Boon Island Lighthouse, Maine, photo by Jeremy D’Entremont
The lighthouse service tried to alleviate the problem with its traveling libraries of books that passed from one remote lighthouse to another. But the greatest relief against boredom and isolation came in the 1920’s with the introduction of radios, bringing the outside world into the lives of these keepers.
Struggling with a tight budget, the lighthouse service spent its funds on upgrading and maintaining the navigational equipment, so radios were not a priority purchase. But in 1925, a woman in New York heard about the loneliness of light keepers and donated 25 radios to various lighthouses.
Secretary of Commerce Herbert Hoover, inspired by the woman’s generosity and a strong believer in personal charity versus government spending, issued an appeal for the public to donate radios to the service. As Hoover wrote, “I don’t know of any other class of shut-ins who are more entitled to such aid.”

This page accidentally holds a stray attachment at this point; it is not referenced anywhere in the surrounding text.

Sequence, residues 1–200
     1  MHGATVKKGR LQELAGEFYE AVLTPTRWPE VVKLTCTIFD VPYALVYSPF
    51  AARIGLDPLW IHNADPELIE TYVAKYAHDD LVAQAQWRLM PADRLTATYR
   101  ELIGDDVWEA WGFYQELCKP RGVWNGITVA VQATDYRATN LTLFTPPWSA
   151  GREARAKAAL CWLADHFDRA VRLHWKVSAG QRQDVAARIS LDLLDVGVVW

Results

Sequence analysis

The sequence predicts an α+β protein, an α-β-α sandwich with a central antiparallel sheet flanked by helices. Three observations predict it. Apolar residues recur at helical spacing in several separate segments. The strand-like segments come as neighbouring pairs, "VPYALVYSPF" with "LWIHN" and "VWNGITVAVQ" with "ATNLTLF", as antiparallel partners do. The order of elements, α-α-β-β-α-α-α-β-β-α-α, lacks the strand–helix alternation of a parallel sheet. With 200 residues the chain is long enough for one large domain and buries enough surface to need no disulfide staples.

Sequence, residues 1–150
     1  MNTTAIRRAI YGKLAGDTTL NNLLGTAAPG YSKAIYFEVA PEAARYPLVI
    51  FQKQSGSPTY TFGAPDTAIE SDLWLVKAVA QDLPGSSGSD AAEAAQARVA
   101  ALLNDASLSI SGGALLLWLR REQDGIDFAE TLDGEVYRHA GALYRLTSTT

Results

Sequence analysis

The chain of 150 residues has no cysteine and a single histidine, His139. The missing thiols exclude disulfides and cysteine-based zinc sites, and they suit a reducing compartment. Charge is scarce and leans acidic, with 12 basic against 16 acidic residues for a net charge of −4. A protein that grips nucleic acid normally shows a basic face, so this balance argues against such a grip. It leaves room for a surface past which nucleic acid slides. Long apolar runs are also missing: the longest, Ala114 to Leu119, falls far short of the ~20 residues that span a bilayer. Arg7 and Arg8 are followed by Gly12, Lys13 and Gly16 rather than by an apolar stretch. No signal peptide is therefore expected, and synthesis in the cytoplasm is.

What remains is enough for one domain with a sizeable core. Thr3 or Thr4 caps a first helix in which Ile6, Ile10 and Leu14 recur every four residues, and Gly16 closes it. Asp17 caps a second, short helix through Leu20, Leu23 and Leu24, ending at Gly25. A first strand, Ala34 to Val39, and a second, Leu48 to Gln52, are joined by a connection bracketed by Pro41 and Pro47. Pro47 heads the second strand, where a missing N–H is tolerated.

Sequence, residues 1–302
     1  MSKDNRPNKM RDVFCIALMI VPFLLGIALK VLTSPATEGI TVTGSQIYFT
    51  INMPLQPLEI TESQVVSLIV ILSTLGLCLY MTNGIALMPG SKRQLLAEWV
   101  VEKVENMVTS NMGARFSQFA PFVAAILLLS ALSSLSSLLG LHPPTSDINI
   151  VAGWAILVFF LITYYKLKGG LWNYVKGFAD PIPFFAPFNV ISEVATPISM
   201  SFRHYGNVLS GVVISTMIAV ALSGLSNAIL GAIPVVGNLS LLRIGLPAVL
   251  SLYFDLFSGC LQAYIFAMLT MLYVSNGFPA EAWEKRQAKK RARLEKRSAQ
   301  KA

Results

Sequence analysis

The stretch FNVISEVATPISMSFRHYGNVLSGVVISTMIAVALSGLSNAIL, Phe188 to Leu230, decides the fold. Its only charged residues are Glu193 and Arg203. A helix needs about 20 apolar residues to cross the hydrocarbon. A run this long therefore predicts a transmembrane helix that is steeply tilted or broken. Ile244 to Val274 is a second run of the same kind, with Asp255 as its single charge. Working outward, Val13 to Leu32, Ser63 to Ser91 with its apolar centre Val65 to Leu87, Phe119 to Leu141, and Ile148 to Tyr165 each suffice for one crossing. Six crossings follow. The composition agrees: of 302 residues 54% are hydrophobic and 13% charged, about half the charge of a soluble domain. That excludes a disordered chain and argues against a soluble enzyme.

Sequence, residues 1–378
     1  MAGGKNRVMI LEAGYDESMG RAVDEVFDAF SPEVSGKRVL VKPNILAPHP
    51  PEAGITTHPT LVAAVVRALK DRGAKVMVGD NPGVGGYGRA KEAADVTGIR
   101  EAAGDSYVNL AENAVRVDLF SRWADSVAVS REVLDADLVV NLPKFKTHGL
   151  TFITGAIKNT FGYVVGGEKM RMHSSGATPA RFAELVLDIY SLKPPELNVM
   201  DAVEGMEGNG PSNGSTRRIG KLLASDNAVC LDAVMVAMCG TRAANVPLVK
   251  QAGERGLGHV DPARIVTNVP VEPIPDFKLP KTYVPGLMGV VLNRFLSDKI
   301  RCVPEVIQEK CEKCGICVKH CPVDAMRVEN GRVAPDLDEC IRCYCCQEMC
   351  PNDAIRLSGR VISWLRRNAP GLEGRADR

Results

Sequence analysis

The response to Hoover’s plea was outstanding, as nearly 300 radios were donated and distributed to the country’s lighthouses. Now the keepers could be entertained, informed, and even forewarned of impending weather conditions.
A former keeper at American Shoal Lighthouse in Florida wrote that it used to take a month after a presidential election before they knew who had won when they didn’t have a radio. Now, not only could they listen to live events, but they could also listen to ministers preaching and hear the singing. “It’s almost the same as being in church.”
What a comfort it is to know you’re not alone.
“I am with you always, even unto the end of the world.” Matthew 28:20b